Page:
It wouldn’t be a road trip with Corinne without making some type of ghost-y pitstop (she is the co-host of the popular podcast, Two Girls One Ghost), so naturally we found ourselves at the infamous Emily’s Bridge (aka Gold Brook Covered Bridge). We got out of the car and read up on the local legend, then spent some time by the creek below.
Attempting to channel some type of Austrian/German vibes, we treated ourselves to some sausages, sauerkraut, and beers once we arrived at the Trapp Family Lodge, cheers-ing and singing THE HILLSSS ARE ALIVVEEEE and annoying everyone within earshot.
Final destination: Ben & Jerry’s Factory —
There’s truly nothing like some fresh Ben & Jerry’s on a sizzling hot Vermont summer day. We took the factory tour, visited the flavor graveyard, and indulged on a couple scoops of our favorite B&J flavors (mine is The Tonight Dough).
Day 3 | July 2
After a full day spent driving from one must-see spot to another, I was definitely looking forward to the boat day we had planned for day three.
We got an early start, stopping once again at the Vermont Meat Market for some tasty drinks, sandwiches, and snacks. Corinne’s family boat is docked in Mallets Bay, only a quick drive from Thayer Beach where we were to anchor for the day. We spent a few hours bopping around in the subtle wakes, drinking some cold brews, and trying our hand at knee boarding.
Once we felt like we’d taken advantage of the beach, we drove out into the heart of Lake Champlain (keeping a keen eye out for Champ the sea monster, of course) and down to Burlington, VT to a spot called Red Rocks for some cliff jumping. Probably not the safest conditions on this particular day, but it was a blast!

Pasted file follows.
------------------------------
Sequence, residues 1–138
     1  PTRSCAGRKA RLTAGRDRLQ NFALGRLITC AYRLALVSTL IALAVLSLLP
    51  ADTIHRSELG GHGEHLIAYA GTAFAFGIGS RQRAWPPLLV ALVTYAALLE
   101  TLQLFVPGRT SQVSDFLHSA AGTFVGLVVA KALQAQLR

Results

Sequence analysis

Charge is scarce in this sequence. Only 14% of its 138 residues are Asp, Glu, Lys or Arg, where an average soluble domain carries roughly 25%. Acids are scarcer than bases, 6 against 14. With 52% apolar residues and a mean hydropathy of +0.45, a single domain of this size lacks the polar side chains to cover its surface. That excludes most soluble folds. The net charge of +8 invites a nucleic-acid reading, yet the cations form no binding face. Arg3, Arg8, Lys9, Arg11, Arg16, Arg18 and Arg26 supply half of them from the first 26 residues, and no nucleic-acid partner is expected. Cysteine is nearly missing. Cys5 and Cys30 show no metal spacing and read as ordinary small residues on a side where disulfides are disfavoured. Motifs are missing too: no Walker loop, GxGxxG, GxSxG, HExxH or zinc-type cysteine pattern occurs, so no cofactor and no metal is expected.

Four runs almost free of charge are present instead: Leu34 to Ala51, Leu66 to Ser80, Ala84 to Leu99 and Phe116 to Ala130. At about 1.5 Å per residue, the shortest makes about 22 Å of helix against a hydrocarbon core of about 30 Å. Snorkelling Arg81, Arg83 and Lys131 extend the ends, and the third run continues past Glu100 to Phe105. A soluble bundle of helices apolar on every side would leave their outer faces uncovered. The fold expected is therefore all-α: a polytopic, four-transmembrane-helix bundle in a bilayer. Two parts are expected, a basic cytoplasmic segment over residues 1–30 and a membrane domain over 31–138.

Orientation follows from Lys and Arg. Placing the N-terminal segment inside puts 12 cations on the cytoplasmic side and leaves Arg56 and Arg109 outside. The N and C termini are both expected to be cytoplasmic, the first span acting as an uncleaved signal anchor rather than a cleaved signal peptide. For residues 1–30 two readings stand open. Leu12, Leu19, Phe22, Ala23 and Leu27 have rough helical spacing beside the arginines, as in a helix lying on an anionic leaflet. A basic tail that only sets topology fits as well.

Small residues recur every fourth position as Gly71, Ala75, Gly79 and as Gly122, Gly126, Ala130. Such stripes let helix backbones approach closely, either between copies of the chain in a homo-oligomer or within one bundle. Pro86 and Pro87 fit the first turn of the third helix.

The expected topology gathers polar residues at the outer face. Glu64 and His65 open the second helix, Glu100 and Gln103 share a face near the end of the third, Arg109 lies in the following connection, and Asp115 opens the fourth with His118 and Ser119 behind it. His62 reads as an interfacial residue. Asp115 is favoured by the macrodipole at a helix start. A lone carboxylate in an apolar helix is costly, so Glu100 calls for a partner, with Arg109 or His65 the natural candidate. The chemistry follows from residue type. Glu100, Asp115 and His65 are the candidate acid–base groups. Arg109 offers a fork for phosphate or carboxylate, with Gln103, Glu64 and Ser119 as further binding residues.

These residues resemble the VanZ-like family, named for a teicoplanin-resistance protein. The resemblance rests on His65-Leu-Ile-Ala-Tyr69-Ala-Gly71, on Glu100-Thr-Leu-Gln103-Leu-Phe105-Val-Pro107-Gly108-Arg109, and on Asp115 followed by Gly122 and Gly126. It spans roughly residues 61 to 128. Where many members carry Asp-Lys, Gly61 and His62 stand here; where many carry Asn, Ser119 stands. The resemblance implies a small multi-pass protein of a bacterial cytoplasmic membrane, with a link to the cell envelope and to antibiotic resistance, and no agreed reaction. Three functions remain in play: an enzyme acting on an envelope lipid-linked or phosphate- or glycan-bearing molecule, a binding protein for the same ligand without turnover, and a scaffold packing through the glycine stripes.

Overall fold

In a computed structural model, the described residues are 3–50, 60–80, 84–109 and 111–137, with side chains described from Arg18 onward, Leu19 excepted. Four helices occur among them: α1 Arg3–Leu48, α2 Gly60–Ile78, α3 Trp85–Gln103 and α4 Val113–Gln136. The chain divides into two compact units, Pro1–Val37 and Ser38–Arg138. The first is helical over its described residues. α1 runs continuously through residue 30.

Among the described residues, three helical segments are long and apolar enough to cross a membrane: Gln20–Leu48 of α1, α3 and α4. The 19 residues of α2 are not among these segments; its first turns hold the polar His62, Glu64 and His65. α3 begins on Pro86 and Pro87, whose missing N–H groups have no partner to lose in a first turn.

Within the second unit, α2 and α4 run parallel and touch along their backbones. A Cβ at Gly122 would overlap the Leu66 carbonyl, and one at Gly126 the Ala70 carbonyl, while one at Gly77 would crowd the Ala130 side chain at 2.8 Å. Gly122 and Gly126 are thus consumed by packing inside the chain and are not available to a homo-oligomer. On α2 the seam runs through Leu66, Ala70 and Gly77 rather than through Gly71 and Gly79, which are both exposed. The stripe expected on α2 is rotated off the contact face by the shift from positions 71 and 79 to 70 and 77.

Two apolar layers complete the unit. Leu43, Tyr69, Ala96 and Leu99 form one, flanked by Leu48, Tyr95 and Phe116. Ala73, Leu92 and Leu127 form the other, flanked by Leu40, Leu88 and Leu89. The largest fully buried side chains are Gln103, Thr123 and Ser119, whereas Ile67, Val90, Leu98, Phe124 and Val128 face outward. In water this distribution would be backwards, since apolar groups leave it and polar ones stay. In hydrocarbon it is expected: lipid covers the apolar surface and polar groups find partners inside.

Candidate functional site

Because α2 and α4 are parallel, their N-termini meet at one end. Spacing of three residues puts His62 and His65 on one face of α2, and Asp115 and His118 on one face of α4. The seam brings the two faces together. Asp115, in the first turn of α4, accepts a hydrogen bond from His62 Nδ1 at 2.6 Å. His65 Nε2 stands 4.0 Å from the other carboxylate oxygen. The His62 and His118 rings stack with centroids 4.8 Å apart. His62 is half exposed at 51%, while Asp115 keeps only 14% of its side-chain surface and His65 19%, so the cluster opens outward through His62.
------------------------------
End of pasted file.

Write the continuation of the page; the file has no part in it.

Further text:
We took cues from the choppier waters and darker clouds coming in and decided to call it a day and head home.
Day 4 | July 3
The city of Burlington celebrates the 3rd as opposed to the 4th, complete with a professionally executed firework show and acrobatic pilots, too! Since we knew we had a long night ahead of us, we kept it low key during the day and laid out in or next to Corinne’s pool.
Our time downtown in Burlington kicked off with lunch at The Skinny Pancake (there’s nothing skinny about these pancakes) and kept on going at Spot on the Dock, a trendy restaurant/bar right on the water. We posted up for the evening with some tasty and strong drinks and were able to snag a great spot to watch the sunset that was followed quickly by an incredible firework show.
Feeling rather patriotic and probably a bit too tipsy, we continued then eventually ended the night at the bars on Church Street.
Day 5 | July 4
Our final day was spent at the Bristol Falls Swimming Hole, which was equal-parts stunning and slippery!
We ended the the trip with lunch at Bristol Cliffs Cafe and maple-and-black-raspberry twists from local favorite, Creeme’s.
If you’ve ever (or never) wondered whether a trip to Vermont is worth your while, let this skeptic be the first to tell you . . . no, scream at you that YES, it is! It is so worth your while!
Vermont is one of the most underrated destinations in the US, in my super humble opinion. And if the itinerary/pictures I shared weren’t enough, Corinne made a list of fun facts about Vermont to hopefully convince you otherwise:
- Vermont was once its own country for 14 years
- Vermont has only one area code
- Vermont was the first to grant women partial voting rights, abolish slavery, and allow gay unions
- Vermont has the most microbreweries per capita
- Vermont has beer and cheese that have won world championships
- Vermont is the land of the hippies
- Vermont mourns the death of retired ice cream flavors (Ben & Jerry’s flavor graveyard, yall!)
- Vermonters put goat cheese and maple syrup on everything
- Vermont is the number one producer of both marble and maple syrup
- Vermont has made billboards illegal
- Vermont has a lake monster (Champ!)
- Vermont put out arrest warrants for George W. Bush and Dick Cheney
- Vermont was the settling place for the Von Trapp family
- Vermont frequently finds itself on the top of the list for healthiest, happiest, and most-educated residents in the US
So what are you waiting for!?